The Great British Bake Off: 11.08. Dessert Week

The Great British Bake Off: 11.08. Dessert Week

And then there were five. As The Great British Bake Off reached the Quarter-Final stage you could tell that there were nerves in the tent. The final is within reach and the challenges were getting increasingly difficult; Dessert Week was no exception with a Technical Challenge that proved too technical for all of them.

First up was a familiar dessert, Mini Cheesecakes. At this stage of the competition each component of every batch had to be exact. For Mini Cheesecakes this meant silky smooth fillings, punchy flavours, textured bases and an artistically decorated top. No one wants an under baked, eggy mess, nor a sunken top though for some reason Passion Fruit was clearly in vogue. 

One contestant who went Passion Fruit-free was Peter whose Ginger and Lime batch looked uncharacteristically amateurish and more like ridged mashed potato as he struggled to hide the dips. In comparison, Dave continued his impressive form with a ‘Celebration of Citrus’ of Lemon, Passion Fruit and Orange. Suffice to say, they were neat and decidedly satisfying. 

Winning Star Baker the previous week usually means nothing at all. yet Hermine looked increasingly confident. Her Passion Fruit Cheesecakes on top of a Cinnamon Biscuit base were cooked in a Bain Marie then presented in lovingly wholesome jars complete with labels. Alas, the base was soft, while the filling lacked flavour. An inauspicious start yet, she was not dismayed. Marc kept it simple with good old fashioned New York Style Baked Vanilla and Mascarpone Cheesecakes with Pecan, Apricot and Almond. They looked more like tarts and were deemed too big and thin. In fact, the brainstorming for a Bake Off Musical with Matt and Noel seemed far more interesting than his batch. Then there was Laura who went for a combination of Vanilla, Mango and Passion Fruit. The textures were correct though they did look a tad rushed.

This week their gingham-concealed Technical Challenge dated back to the 1700s of Sussex Pond Puddings. Prue admitted that these were her favourite pudding, though quite why is anyone’s guess. There’s stodgy Suet pastry containing an oozy filling of a whole lemon (yes, a whole lemon) with syrup then served with a silky Crème Anglaise. Old fashioned? Certainly. Unnecessarily complex? Too right. As usual, the instructions were diabolically vague with no idea of how much milk to add nor how to treat the Suet pastry then how long to steam the puddings for. Eventually they decided on an hour which meant an awkward wait in the tent with several wondering if it long enough. It was not, as no one impressed and even a round of applause seemed embarrassing.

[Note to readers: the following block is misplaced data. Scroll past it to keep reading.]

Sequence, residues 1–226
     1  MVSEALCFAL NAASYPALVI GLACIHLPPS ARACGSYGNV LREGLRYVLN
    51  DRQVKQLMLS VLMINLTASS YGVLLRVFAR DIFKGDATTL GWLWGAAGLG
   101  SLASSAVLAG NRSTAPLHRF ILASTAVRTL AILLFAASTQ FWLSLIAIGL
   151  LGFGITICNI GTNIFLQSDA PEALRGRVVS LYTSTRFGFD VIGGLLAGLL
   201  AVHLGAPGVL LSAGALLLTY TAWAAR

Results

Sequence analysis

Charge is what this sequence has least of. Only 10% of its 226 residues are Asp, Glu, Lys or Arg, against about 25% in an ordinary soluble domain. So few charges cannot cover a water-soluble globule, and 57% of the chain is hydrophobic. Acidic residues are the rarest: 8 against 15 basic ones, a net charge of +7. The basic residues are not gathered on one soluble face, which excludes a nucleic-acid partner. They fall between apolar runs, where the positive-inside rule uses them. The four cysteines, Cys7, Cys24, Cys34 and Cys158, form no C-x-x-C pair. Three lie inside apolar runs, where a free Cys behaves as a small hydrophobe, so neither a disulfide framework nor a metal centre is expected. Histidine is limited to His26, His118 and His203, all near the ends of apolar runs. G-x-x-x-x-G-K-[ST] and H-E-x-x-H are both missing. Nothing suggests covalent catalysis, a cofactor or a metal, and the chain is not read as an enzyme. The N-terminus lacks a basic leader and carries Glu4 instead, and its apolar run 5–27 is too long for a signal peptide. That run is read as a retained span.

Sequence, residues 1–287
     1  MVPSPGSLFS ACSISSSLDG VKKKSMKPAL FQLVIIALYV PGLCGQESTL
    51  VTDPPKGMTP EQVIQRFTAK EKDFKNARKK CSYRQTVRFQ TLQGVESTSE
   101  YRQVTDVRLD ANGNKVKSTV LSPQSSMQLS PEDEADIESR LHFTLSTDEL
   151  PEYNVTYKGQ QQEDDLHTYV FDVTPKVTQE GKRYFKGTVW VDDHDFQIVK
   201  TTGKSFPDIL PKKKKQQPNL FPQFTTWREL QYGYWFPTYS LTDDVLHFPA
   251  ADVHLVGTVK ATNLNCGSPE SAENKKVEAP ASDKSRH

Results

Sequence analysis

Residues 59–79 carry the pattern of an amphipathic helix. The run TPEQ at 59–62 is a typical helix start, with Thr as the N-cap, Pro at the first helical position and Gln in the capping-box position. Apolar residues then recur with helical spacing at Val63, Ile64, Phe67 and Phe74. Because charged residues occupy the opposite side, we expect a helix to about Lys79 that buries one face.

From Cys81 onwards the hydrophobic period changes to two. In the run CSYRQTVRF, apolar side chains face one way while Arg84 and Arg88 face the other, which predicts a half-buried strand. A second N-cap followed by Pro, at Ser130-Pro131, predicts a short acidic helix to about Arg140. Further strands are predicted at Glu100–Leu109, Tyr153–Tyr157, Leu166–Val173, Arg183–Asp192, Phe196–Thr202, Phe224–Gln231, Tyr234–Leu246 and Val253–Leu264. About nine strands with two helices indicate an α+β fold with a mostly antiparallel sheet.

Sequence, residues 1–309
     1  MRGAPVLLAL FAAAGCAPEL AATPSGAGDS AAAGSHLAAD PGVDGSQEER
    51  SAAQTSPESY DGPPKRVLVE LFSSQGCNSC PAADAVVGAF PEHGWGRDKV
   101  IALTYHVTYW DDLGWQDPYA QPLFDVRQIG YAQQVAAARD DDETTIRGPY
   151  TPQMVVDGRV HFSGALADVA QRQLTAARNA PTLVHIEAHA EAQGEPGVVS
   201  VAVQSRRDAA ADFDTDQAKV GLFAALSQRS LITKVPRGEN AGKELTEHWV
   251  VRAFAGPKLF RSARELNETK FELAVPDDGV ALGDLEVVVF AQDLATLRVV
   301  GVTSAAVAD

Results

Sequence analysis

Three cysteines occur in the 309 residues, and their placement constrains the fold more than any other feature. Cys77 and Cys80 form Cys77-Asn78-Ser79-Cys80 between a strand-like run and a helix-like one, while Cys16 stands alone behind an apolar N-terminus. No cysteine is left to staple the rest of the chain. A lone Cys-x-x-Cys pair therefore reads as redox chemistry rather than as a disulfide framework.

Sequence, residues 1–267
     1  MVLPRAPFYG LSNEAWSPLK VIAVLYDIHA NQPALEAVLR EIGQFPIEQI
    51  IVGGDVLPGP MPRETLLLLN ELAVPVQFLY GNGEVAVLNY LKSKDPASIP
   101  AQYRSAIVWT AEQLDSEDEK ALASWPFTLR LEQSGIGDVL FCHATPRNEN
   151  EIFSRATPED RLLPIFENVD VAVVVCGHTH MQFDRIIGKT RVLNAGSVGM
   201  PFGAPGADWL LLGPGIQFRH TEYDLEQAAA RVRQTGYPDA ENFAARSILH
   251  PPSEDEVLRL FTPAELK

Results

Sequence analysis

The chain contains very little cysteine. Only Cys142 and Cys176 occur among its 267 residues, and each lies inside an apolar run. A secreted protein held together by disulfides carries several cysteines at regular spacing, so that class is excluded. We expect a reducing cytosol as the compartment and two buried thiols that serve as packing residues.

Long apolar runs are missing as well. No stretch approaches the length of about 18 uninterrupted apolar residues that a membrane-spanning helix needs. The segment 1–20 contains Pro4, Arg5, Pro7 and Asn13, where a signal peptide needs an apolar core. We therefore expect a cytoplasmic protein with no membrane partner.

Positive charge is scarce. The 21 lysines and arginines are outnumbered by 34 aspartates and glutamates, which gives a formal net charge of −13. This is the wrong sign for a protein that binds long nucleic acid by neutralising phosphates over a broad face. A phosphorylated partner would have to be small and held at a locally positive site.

In a round where no-one impressed, it seemed unfair to even judge their attempts. Of course they still did with Dave’s suffering from a lack of steaming as his burst like a pile of vomit. Undoubtedly it was raw and hardly palatable which left him last. followed by Peter and Hermine. Though Marc finished second and Laura top, they were the best of a bad bunch. Even their puddings needed more time steaming and Prue seemed genuinely upset at their collective ineptitude. 

There was an element of vindication in the Showstopper round as a final chance to impress opened up for several contestants. A Jelly Art Design Cake is a truly showstopping creation of sponge, mousse and jelly with the design requiring precision art and technical construction skills. They would have to inject liquid jelly into set and ensure each layer was firm enough so the overall design remained intact. Even Matt looked serious.

For Marc and Peter this was their final chance to stay in the competition and neither really proved themselves as, again, it was a case of who had been less terrible. Peter went for a Snow Globe Jelly Cake decorated with pastel coloured Panna Cotta Christmas decorations. The pressure was on and he began to second guess himself by not adding enough cornflour to his Orange and Cranberry Mousses though his Panna Cotta decoration did set. Had he done enough? Just. Perhaps if Marc had managed to nail just a single layer, he might have remained. The Apple Jelly was rubbery, the Chocolate and Strawberry Mousse had split and the Hazelnut Meringue was solid enough to build a house with. 

That left the remaining three to fight for Star Baker. There was Dave with layer upon layer of Guava and Apple flavoured Jelly to create a clever, intricate Newquay Beach Scene atop an ill-advised Chocolate Fudge Sponge and an over-set Clotted Cream Mousse. The design was great yet the execution of the layers had failed him. Looking at Laura’s ‘Flower Power’ Koi Jelly Art Cake was like looking down into a pond. She had looked nervous throughout the round and at one point miraculously caught her layers. The Raspberry Mousse was delicious and the White Chocolate Bavarois with Genoise Sponge worked beautifully. Paul called it perfect though somehow failed to produce a handshake. That left Hermine and the Japanese Poppy in her jelly dome looked exquisite enough on its own. Add layers of Chocolate and Raspberry Mousse with Cherry liquor in the Kirsch Syrup and you have a deserved winner. Every layer brought something and she rightly kept her Star Baker title.

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